One year ago today, a bill to audit the Tunisian public debt was submitted to the Assembly.
By Chafik Ben Rouine, Auditons les Créances envers la Tunisie (Campaign to Audit Tunisia’s debt), 17 July 2013.
The debt audit was one of the first economic and social demands to have emerged during the first phase of the revolution in Tunisia. Servicing debt in Tunisia is both a barrier to development and an instrument of plunder and submission inherent in the process of ensuring countries in the global south are indebted to countries in the north.
Submitting to international financial institutions like this also allowed the now deposed dictator to get rich on the back of the Tunisian people, thanks to the corrupt support of the lenders of these odious debts. An instrument of economic, social and political submission, and a political lever designed to ensure foreign interference, debt is key to the liberation of oppressed peoples. It is in this context that we are campaigning for a debt audit in Tunisia.
The debt audit is a powerful citizen tool that will allow the subtle techniques used to arrange illegitimate debts to be unravelled, debts that were not repayable and which constitute illegitimate debts, embezzlement and corruption. Unravel everything, understand what was done and learn from it to help us move towards a political system that’s more in line with the aspirations of the Tunisian people – that is the fundamental objective of the debt audit.
And yet the ground was not fertile in the narrow circles of power for this kind of initiative. Decades of reforms to the education system under the supervision of the World Bank had trained battalions adhering to all the key tenets of neoliberalism. Against all the odds, however, citizen mobilizations on both sides of the Mediterranean led to the European Parliament’s recognition of the odious nature of the debt in the Arab spring countries and the Belgian Senate passed a resolution in favour of an audit of Tunisian debt.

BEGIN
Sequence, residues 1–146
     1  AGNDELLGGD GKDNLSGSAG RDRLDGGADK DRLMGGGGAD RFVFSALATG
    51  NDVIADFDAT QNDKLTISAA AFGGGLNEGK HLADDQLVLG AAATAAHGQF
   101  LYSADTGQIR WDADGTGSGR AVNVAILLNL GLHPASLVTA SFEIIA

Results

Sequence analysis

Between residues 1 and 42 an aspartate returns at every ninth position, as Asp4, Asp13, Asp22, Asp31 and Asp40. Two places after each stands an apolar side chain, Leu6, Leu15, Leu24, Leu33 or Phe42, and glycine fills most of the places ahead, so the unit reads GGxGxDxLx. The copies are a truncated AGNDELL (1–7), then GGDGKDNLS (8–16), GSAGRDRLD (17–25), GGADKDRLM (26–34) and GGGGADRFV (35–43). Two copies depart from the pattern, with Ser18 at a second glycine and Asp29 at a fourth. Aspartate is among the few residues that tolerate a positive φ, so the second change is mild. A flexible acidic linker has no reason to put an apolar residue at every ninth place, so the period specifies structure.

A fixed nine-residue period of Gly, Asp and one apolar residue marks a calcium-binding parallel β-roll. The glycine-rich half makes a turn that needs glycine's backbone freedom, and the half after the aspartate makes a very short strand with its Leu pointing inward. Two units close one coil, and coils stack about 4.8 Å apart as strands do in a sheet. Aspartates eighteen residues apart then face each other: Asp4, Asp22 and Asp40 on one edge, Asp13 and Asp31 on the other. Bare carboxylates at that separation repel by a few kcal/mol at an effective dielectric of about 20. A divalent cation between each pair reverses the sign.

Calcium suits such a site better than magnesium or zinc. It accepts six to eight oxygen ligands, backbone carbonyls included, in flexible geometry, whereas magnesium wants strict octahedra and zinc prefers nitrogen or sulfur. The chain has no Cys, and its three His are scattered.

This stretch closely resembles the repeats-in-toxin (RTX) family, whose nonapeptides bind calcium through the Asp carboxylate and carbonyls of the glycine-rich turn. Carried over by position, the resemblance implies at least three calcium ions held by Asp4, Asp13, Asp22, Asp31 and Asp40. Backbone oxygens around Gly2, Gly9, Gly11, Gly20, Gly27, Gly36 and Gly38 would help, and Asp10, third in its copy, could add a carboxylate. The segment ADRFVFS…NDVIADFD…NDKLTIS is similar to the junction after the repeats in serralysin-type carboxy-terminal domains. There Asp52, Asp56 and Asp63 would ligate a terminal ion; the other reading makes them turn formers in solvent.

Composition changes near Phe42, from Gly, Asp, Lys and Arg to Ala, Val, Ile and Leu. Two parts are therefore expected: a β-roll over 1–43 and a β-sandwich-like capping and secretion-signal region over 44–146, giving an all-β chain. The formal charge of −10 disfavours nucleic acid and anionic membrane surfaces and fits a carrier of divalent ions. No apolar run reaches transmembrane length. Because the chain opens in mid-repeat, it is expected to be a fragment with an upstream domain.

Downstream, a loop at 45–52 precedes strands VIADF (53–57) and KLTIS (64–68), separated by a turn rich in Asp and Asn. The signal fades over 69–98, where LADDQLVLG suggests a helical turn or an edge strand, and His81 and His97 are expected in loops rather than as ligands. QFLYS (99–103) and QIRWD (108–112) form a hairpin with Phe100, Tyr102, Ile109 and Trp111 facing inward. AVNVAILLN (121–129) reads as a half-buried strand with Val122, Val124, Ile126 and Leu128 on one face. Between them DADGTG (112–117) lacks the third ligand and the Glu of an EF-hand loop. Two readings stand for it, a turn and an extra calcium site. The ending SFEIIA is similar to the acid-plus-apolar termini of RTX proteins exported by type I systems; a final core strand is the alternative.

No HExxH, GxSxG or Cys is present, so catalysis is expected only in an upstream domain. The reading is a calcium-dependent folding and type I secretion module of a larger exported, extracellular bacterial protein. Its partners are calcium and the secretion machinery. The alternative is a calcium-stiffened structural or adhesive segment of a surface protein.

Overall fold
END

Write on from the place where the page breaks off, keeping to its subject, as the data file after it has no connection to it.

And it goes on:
That enabled us to ensure the question of the debt audit was at the heart of policy formation in October 2011, when the very first democratic elections in Tunisia were held, a time of promises. Every party, from the Communists to the Islamists to the Social Democrats, said they were in favour of a debt audit. That was before the elections took place, of course. We took these politicians at their word, and increased the pressure on them after the election to realise their promises to audit the debt.
The example of Ecuador was at the forefront of everyone’s minds at the time. After a few meetings with some MPs who were interested in the project, including Mabrouka M’barek whose support was decisive, a bill was drafted and signed by MPs from all parties except Ennahdha. On 17 July 2012 an African parliament tabled for the very first time a bill on a citizens’ audit of public debt. It was a tribute to everyone who had risen up against the injustice of the debt that was used to humiliate and oppress the continent, and of course a tribute to the distinguished assassinated President of Burkina Faso, Thomas Sankara.
But that was without counting on the hysterical activism of the dominant international financial system: successive downgrades of Tunisia’s sovereign credit rating by the ratings agencies, diplomatic pressure and barely concealed threats exerted enormous pressure on the economically inexperienced fragile coalition government. Until one day in February 2013, under this unbearable pressure, when the Secretary of State for Finance at the time, Mr. Besbes, announced in the media that the proposed bill on the debt audit was being withdrawn.
Scandal in the Assembly! Mr Besbes, having ignored the democratic principle of the separation of power between the executive and the legislature, was forced to back down. This episode shows the extent to which the debt audit highlighted the duplicity of the Western powers which on the one hand support democracy in Tunisia but on the other hand weaken democracy in Tunisia as soon as their interests are threatened or there is the merest hint of a challenge to their dominance.
Since then, the bill has languished in a pile of other projects in the National Constituent Assembly. Tunisia’s political parties clearly don’t want to take a position on a subject they know is so sensitive it means you can see clearly who is genuinely representing the interests of the people and who is just continuing a political comedy that has already been going on for far too long. It is time to take action and pass this historic legislation that was first submitted to the Assembly on 17 July 2012, exactly one year ago today.